think I had one of the strangest phone calls ever yesterday.Caro had been out for errands in the
morning, before she settled in for her day’s sleep before work, and I stepped
up the stairs to say Hello before she went to bed.
was laughing as I walked into the dim of her room, and she said, “I just had a
passenger.As I opened the back door,
there was a locust sitting on the screen, and when I came in here and started
to take off my pants, something whirred and flew off into the dark over there.”I looked around, into her shoes, beneath a
chair, over beyond the lamp and dropped books, but didn’t see anything.
"Oh, well," she said. "I'll hear her when she starts to sing."
I’d been back downstairs for some time, the phone rang.“There’s a locust on me,” she said. "I’m afraid it will fly away again if I reach
grabbed bathroom Dixie and a paper towel, and
headed up, to find Caro lying in bed beneath the sheet, with a big green-winged
beauty sitting blithely on her hip. Cup capture, towel-scoot in, and out the door
with locust, where I set her down, towel and all.
She regarded me with those huge luminous eyes for a moment. Then “BDDDDDDDDTTTT!”
she said before she flew up into The Tree.
welcome," I said.Why she’d flown back up in that darkened room to sit upon the same
person, I’ll never know, but there you have it.I got off this train, so I’ll just get back
on and see if I can get home.
always called them “locusts” Down South, these cicadas of the merry music, and
they’re called Katy-dids and tree-frogs and other misnomers in lots of
come in a lot of sizes and colors, from green-winged singing jewelry
photo by Paul Davidson, cicada charmer extraordinaire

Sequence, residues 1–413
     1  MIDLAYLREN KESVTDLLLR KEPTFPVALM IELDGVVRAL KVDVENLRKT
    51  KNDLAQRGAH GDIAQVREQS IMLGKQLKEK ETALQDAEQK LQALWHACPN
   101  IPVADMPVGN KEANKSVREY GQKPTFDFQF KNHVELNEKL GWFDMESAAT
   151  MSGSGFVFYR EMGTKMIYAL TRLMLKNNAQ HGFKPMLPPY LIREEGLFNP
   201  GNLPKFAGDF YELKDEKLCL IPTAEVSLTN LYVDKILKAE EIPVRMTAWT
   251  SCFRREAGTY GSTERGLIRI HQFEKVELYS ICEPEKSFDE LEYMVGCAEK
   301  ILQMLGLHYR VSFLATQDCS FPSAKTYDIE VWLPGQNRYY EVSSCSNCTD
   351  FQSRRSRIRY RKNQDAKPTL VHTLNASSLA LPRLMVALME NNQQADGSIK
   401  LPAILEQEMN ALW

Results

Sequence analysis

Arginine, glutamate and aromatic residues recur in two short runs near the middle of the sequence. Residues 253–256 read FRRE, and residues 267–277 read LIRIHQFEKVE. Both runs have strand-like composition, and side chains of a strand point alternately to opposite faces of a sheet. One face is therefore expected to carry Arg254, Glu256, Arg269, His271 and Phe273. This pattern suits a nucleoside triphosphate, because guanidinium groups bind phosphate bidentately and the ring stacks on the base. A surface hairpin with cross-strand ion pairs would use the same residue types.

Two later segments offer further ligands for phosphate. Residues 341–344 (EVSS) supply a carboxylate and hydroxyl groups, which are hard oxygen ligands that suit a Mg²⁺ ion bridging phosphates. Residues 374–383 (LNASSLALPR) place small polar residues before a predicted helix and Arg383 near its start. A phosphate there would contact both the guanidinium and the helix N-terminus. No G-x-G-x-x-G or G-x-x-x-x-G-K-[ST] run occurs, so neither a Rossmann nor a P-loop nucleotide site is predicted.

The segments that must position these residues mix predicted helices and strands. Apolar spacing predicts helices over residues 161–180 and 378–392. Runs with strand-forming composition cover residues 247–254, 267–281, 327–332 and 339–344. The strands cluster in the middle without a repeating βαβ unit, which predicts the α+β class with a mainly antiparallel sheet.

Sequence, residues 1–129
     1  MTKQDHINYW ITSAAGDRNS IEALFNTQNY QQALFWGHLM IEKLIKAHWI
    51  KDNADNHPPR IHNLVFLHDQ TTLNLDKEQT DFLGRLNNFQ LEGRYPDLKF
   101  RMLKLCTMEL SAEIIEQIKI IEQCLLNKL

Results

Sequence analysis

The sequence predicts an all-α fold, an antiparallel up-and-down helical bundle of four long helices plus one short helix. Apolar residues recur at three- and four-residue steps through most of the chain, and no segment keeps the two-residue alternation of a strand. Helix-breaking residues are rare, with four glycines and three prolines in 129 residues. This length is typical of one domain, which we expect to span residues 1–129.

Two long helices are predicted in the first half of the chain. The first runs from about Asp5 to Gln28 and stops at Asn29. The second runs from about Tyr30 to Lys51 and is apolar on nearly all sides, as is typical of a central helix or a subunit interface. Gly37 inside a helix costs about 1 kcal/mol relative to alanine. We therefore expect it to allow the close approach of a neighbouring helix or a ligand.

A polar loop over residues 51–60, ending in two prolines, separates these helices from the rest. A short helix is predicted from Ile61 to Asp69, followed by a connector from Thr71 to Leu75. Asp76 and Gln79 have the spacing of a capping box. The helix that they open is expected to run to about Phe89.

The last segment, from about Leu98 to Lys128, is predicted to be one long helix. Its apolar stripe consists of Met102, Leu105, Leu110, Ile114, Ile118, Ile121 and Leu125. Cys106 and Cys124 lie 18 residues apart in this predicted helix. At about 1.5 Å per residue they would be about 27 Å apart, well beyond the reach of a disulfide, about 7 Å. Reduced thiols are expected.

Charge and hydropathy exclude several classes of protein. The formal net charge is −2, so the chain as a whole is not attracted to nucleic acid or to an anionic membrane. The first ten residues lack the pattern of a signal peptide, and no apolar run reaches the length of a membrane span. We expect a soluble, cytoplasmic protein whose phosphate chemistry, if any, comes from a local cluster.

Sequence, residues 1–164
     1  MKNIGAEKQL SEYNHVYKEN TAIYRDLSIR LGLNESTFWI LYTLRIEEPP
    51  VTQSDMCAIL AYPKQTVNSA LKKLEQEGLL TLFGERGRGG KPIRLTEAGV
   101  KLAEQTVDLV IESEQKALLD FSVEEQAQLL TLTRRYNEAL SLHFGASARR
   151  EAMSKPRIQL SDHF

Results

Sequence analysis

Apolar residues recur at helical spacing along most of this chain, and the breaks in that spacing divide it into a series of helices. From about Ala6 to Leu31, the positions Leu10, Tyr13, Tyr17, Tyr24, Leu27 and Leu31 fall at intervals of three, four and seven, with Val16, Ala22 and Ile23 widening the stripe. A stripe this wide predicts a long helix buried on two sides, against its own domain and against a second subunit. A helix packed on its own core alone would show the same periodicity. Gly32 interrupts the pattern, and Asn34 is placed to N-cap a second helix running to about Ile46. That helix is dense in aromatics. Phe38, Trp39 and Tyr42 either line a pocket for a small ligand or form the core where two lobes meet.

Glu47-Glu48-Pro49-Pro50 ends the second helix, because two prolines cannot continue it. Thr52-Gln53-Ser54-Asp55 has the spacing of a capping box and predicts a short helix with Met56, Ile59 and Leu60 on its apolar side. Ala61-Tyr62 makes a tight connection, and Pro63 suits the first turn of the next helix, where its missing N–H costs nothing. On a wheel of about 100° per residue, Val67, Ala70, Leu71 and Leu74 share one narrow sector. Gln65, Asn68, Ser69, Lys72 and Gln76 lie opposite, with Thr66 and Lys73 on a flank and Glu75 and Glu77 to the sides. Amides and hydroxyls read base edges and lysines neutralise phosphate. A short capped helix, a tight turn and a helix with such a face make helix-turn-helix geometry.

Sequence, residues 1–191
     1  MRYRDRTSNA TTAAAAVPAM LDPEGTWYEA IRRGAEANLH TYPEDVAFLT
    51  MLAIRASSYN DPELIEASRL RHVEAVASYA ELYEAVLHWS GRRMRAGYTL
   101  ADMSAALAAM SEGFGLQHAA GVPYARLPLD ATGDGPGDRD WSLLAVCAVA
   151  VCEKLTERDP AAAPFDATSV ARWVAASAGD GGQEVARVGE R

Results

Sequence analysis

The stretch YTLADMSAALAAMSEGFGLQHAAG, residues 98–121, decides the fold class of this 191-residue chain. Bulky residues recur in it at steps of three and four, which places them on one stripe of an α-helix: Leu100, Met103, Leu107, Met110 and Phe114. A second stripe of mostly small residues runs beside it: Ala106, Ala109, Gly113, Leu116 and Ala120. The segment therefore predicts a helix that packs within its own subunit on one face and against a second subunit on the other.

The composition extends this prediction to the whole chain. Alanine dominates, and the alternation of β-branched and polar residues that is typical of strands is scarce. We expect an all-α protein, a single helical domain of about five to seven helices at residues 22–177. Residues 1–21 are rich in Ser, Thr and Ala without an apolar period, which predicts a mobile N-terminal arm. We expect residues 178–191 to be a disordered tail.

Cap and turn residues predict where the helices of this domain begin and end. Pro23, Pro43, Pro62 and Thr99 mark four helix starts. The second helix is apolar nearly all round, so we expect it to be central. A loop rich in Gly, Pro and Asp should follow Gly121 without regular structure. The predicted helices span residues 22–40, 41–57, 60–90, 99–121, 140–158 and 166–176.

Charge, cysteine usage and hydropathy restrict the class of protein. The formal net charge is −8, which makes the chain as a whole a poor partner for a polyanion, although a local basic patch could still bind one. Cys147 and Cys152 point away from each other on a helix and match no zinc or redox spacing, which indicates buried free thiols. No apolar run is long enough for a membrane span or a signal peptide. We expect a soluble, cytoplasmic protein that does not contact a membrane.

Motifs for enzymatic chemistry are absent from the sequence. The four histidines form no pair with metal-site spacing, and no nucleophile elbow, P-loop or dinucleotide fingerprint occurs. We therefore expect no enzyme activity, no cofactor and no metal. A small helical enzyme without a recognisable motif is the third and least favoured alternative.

the big ole Southern Bubba Bugs I’m used to in the south.
look at you with such wise regard, and if you ignore the little red clown cheeks, and just think “face”,
it becomes a definite little countenance, with eyes, nose, mouth, ears---like the stoic funeral mask of a warrior
buried with the Pharoahs.
the import of the unearthing is heralded with as much or more clamor, though not
for glimpse of riches or history, but for the glory of the temporary song.
Summer cicadas are
just a fact of life in the hot climes we’re from.They keep up an unending orchestra, day and
night, for all the hot days.Their
mating song or praying for rain or just sheer gladness to be up out of the long
dark---it’s a joyous thing or a sign of Summer or a confounded nuisance,
depending on how you look at it.
hear it, or you don’t---a lifetime of the sounds of Summer dulls the senses to
it, like a background fan or trains in the night.It’s just THERE, in the air and the trees
and such a constant hum that it’s just in you, like the flow of a river or the
flurr of the wind.
beautiful creatures were the background chorus at our wedding, with the vigor
of the late-afternoon singing drowning out some of the vows.And despite the import of what we were saying,
of the music and the prayers and the cheers and applause, that weee-ooo scritch-and-sing was so gravely, timelessly meaningful a white noise---like the ringing of a billion distant bells, that I would not
swap it for heralds.
think of it---all that jeweled splendor, and all that music---buried beneath the
earth for all those years while our children grew up, our grandchildren were
born, the world spun and changed, and changed again.